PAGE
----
If LinkedIn has never helped you land a job, you’re probably using it wrong

Be like this—but online.
Be like this—but online.
Image: Dell Inc./Wikimedia Commons, CC-BY-2.0
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The fact is, impressions are formed based on behavior. Your behavior in-person and online equally gives employers something to work with in forming an impression. There is a lot out there about how to behave at the job interview, but what about your behavior online as a job seeker? We cover etiquette for when you’re on LinkedIn because it’s a critical outlet for job seekers when it comes to job searching, applying to jobs, and job networking.

Here are seven tips on LinkedIn etiquette for job seekers:

1. Present a professional visual image

If you’re trying to reach hiring managers and recruiters on LinkedIn, your profile image should appropriately show a head-shot of yourself as you would appear at a job interview. Replace a profile picture that can send the wrong message. For more tips on selecting the right kind of profile picture, read “How Your Avatar Can Impact Your Job Search Plans.”

2. Check your notification settings

This step is especially important for those who are currently employed and job searching. In most cases, job seekers don’t want their current employer finding out they are on the hunt for a new job, so make sure to turn off notifications on changes you make to your profile.

3. Don’t connect for the sake of upping the number of people you know

Connections on LinkedIn should be about quality, not quantity. Connect with individuals who can benefit from you and who you can benefit from. When you request to connect, always send a personalized message that speaks to how you may know the individual or why you want to connect. Good communication from the start will help set the stage to a positive relationship on LinkedIn. For more tips on how to connect with others, read: “What To Say When Connecting on LinkedIn.”

4. Use “please” and “thank you”

These are two basic and simple words that go a long way in life whether you’re communicating with someone in person or online. Show manners in your communication and people will be more willingly to communicate with you.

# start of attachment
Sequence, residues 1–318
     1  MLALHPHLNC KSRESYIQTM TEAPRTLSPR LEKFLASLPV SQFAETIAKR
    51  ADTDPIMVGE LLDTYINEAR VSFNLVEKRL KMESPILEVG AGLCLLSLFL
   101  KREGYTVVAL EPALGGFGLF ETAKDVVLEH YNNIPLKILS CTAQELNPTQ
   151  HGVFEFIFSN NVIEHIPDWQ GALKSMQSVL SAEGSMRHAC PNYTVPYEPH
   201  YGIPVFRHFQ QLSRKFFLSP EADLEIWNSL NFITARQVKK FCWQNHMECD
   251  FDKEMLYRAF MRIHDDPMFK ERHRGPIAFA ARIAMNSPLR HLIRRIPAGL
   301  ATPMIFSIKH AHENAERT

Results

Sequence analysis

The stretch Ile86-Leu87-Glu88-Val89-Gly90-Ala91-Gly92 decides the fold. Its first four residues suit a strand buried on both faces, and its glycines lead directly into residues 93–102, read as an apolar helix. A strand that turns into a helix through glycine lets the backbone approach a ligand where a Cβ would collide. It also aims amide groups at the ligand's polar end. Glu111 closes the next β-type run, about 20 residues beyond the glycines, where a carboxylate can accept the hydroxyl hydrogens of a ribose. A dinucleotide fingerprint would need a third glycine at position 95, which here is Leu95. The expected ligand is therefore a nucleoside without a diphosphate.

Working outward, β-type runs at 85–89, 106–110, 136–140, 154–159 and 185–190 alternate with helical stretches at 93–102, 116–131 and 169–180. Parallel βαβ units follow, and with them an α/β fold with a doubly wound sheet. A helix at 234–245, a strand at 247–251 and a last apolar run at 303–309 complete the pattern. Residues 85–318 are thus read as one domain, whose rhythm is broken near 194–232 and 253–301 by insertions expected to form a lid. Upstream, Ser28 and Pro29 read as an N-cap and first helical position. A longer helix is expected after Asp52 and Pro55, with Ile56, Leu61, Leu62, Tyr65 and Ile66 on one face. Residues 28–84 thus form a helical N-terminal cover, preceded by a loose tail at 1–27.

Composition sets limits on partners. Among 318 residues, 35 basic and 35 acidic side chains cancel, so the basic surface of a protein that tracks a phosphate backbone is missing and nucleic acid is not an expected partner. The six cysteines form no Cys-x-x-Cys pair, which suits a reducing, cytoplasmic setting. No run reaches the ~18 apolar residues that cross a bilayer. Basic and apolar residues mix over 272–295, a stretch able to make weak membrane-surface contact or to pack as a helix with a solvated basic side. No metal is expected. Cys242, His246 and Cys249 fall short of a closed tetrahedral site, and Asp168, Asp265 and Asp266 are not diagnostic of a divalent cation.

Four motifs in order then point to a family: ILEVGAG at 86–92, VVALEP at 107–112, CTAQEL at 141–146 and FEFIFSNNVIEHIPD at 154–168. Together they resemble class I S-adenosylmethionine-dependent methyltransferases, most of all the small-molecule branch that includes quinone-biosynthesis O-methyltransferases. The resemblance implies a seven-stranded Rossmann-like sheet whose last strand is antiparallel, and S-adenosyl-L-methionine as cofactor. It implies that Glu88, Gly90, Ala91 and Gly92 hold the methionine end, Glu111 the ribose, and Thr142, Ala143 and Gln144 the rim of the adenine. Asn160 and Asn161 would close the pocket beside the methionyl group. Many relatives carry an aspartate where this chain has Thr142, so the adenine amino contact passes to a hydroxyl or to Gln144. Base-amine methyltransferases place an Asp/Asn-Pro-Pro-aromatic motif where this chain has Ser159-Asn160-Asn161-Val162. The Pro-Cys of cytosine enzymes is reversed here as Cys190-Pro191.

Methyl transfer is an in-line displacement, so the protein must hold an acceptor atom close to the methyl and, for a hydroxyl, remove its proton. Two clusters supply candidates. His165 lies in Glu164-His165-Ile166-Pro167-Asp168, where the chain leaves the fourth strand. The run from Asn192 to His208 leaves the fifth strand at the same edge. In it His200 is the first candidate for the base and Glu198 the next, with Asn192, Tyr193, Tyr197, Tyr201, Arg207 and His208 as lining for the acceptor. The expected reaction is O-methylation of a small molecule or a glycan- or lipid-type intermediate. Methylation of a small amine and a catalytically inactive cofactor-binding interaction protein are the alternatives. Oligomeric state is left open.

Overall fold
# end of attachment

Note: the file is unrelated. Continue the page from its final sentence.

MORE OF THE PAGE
5. Keep communications clean

LinkedIn is a “professional” social networking site. We stress “professional” because many lose sight of that and may let personal matters like a wild weekend or criticism and negative comments that should be left personal get into their communications. Keep your activity and communication on LinkedIn professional because it impacts impressions others have of you—and you want to avoid giving a less than positive impression.

6. Be accessible

If you’re going to have a presence on LinkedIn, make yourself accessible to others. Make sure the email address you include with your profile is regularly checked so that you respond to employers, recruiters, and connections in a timely manner. Treat LinkedIn communication like email and respond promptly, or at least within 1-2 days.

7. Limit postings

LinkedIn is not like Twitter where it’s acceptable to post as much as every hour. The feed on LinkedIn can get cluttered quickly so the general recommendation is to limit postings to once a day.

There are many benefits to jobseekers using LinkedIn. You can benefit from opportunities to engage with others as well as find job openings, but when you have poor etiquette it can do you harm. Build a professional and positive impression on LinkedIn following these suggestions of proper etiquette.

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Image by Dell Inc. on Wikimedia Commons, licensed under CC-BY-2.0.